Skip to comments.Bill Gross: We’re Witnessing the Death of Equities
Posted on 08/01/2012 4:34:00 PM PDT by TigerLikesRooster
July 31, 2012, 3:03 PM
Bill Gross: Were Witnessing the Death of Equities
By Steven Russolillo
The bond king says stocks are dead.
Bill Gross, Pimcos co-founder and co-chief investment officer, says stock investors should think again about the age-old buy-and-hold investing mantra. He says consistent, annual returns are a thing of the past.
The cult of equity is dying, Bill Gross wrote in his August Investment Outlook. Like a once bright green aspen turning to subtle shades of yellow then red in the Colorado fall, investors impressions of stocks for the long run or any run have mellowed as well.
Gross points out stocks have averaged a 6.6% annual gain on an inflation-adjusted basis since 1912. But he labels that rate of return as an historical freak that isnt likely to be duplicated anytime soon, due to slowing economic growth around the globe. From Gross:
(Excerpt) Read more at blogs.wsj.com ...
In our US debt regime heading toward repudiations of debt (”haircuts,” whatever), bonds are like zombies, too, by the way: walking dead.
A bold statement considering the last time it was issued: 1981 cover of Business Week Magazine.
Back then, we had very high interest rates; a viable alternative.
Now there's no return on cash.
But there's always something going up, gold, gas, tech stocks, health care services, oil field services etc.
Find one going up and ride it.
He’s just annoyed that the Fed hasn’t injected another dose of counterfeit money into the markets. That’s all that’s kept them rising for years, now.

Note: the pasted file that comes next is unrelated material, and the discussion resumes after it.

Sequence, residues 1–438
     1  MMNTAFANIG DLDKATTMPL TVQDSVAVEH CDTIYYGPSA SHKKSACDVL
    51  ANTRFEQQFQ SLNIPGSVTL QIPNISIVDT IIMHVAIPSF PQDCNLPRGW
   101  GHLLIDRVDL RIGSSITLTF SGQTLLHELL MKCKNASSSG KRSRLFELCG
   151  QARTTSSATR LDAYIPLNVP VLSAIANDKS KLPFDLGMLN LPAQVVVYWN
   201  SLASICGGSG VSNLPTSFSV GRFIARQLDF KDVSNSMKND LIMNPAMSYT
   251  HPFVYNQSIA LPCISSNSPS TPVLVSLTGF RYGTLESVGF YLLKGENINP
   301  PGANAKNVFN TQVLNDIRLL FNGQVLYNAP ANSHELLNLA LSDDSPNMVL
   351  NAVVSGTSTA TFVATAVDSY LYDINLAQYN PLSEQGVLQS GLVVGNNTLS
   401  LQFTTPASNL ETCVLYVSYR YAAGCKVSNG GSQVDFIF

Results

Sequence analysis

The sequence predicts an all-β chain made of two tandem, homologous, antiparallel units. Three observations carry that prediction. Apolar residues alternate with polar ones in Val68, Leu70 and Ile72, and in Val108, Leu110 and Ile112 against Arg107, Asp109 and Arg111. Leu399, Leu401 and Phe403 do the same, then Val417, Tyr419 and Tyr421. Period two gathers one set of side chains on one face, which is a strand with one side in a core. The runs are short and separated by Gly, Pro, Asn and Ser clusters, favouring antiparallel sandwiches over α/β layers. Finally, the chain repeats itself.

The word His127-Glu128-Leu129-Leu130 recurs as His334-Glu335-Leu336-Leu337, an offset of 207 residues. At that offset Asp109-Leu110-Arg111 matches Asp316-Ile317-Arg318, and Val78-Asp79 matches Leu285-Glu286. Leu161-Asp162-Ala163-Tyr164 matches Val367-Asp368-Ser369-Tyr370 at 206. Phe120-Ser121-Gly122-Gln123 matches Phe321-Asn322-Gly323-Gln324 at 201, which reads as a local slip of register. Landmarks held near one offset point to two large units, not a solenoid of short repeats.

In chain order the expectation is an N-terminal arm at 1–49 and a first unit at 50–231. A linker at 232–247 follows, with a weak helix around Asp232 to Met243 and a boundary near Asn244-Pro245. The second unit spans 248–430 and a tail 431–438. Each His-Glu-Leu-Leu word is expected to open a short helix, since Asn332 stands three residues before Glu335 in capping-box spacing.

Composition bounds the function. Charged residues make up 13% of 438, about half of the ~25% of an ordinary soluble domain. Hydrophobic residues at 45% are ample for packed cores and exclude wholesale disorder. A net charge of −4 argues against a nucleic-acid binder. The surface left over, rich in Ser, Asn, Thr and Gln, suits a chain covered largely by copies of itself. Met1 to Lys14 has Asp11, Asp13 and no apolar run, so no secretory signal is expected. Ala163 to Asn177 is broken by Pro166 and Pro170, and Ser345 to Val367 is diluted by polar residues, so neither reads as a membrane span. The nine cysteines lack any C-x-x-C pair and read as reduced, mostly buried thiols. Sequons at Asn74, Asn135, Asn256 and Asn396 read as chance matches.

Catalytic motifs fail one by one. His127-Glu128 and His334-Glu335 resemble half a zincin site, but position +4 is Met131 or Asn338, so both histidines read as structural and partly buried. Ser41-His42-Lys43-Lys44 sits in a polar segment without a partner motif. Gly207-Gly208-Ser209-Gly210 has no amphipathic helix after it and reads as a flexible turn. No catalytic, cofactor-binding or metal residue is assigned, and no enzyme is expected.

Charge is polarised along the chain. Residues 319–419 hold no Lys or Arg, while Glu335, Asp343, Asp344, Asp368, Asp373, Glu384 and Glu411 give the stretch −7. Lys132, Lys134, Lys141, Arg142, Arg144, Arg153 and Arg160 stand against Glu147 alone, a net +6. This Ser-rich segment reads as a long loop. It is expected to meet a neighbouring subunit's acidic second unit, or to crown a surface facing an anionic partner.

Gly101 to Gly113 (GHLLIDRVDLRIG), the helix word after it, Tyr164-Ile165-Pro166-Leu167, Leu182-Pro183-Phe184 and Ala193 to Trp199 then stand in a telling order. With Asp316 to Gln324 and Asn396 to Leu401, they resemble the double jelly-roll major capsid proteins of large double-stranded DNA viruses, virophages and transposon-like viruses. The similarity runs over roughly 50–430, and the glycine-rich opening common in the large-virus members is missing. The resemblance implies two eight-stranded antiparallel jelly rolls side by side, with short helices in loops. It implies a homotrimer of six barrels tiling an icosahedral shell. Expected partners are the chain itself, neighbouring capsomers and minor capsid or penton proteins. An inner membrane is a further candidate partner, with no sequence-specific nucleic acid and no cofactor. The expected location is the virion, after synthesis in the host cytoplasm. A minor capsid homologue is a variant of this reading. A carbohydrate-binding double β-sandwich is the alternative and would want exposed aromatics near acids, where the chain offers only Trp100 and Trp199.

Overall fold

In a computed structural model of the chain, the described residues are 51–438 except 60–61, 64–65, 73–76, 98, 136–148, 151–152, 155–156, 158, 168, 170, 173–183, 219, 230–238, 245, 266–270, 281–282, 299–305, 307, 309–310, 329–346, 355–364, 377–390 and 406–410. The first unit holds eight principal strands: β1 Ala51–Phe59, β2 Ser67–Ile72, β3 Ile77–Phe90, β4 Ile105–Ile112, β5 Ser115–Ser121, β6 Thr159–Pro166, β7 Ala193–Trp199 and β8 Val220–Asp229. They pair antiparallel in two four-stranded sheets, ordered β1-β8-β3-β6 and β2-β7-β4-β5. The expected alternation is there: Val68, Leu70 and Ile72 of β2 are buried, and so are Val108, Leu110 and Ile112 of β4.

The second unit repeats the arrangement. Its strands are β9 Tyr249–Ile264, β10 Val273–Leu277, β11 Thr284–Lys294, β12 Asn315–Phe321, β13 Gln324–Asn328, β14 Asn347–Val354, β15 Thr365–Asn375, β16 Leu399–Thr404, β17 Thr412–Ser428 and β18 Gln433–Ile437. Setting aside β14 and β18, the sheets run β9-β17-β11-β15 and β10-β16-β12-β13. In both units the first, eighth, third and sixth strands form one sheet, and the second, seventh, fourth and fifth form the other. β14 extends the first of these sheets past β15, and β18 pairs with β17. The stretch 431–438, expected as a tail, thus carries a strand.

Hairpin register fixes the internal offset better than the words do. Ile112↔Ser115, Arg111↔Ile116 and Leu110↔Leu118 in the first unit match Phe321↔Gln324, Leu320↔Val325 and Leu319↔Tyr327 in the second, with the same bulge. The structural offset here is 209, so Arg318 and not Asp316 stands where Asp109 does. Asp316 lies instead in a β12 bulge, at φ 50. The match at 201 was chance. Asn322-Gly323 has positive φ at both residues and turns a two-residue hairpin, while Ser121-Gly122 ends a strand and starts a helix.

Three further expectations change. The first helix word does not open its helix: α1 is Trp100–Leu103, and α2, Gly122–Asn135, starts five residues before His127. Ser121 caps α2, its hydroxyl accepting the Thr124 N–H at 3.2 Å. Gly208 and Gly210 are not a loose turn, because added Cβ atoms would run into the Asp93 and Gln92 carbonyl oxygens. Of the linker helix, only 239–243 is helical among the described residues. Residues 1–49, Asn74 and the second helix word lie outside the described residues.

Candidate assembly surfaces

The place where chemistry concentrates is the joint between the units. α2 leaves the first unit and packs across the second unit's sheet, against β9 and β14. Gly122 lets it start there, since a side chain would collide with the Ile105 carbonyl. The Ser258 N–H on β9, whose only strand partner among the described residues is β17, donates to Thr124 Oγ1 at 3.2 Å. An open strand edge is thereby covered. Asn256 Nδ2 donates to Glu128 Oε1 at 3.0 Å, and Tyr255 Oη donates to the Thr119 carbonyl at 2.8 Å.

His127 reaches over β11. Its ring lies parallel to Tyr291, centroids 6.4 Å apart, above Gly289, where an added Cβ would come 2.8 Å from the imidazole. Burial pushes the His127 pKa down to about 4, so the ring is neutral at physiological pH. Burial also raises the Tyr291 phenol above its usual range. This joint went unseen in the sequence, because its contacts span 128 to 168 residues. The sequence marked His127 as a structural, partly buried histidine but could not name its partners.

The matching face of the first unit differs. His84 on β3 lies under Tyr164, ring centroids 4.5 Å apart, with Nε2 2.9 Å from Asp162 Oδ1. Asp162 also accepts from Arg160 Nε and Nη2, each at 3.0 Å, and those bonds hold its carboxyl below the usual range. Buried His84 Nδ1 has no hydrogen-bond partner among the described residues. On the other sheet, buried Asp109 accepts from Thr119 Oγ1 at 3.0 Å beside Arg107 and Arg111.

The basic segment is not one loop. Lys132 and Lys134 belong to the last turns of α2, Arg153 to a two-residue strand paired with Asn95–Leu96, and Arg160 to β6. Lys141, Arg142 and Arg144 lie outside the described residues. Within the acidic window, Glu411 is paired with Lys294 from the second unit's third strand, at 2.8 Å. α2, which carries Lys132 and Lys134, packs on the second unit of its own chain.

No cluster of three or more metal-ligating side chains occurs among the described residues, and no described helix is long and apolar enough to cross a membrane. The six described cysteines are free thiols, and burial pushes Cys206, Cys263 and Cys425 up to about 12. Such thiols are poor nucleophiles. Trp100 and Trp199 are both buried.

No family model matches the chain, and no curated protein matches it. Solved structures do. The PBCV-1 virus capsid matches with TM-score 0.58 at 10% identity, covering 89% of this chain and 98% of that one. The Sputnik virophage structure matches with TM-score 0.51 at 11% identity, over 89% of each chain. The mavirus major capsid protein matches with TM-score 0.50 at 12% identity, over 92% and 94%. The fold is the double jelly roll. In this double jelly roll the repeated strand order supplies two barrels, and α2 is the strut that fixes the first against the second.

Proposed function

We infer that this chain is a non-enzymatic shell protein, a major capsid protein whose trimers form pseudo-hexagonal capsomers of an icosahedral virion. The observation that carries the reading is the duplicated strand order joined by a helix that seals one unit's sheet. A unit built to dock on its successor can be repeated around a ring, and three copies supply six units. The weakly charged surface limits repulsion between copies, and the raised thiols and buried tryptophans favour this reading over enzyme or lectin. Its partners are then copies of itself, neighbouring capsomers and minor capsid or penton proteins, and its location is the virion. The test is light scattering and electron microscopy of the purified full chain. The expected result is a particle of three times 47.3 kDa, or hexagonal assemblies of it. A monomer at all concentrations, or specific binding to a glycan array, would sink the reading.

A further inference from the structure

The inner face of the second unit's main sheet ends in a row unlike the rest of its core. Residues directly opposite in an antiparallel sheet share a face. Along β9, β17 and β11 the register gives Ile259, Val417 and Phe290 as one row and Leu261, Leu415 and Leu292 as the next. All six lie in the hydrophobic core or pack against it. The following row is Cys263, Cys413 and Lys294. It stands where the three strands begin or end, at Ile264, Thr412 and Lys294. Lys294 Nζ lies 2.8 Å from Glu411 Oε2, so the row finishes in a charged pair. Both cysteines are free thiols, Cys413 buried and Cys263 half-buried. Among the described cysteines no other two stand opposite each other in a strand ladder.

Let’s see now... Gross is in the bond business. Equities compete with bonds for capital and represent competition.
Gee... Not hard to figure out where his loyalties lie!
No, I think there is a recognition among astute professionals like Gross that the equities markets are clearly dysfunctional, and so is the sell-side “analysis” being pitched at investors.
I can expand further upon this if you wish....
Yeah right Bill.
How’s that Dow 5000 prediction working out for you? The Dow is up almost 100% since March 2009 when you made that prediction. I’ve worked in this business a long time; better you stick to the predictions in your specialty, bonds. I could even say this prediction of yours is pretty self-serving. The more you trash equities the more fees you collect on your own managed funds.
whole lotta confiscatin' goin' on!
Then why is PIMCO opening up equity funds? If he were true to his beliefs he would be rolling them up or selling them to another fund family. Sounds like a case of do as I say, not as I do . . .
Mommy! He scares me!
The 6.6% real return belied a commonsensical flaw much like that of a chain letter or yes a Ponzi scheme. If wealth or real GDP was only being created at an annual rate of 3.5% over the same period of time, then somehow stockholders must be skimming 3% off the top each and every year. If an economys GDP could only provide 3.5% more goods and services per year, then how could one segment (stockholders) so consistently profit at the expense of the others (lenders, laborers and government)?I know he's a smart fellow but I don't think he understands wealth creation. I think he's an economic Malthusian.
Could be wrong, admittedly.
If Bill Gross says equities are dead, 2013 will be a huge year for equities! Do the opposite of what Gross recommends and you’ll be rich.
But there's no way someone could be that transparent about it, right?
Food, Energy and Medicine will always be in demand... and if those companies collapse... better have a safe fortified compound and a bunch of weaponry... because civilization will be dead.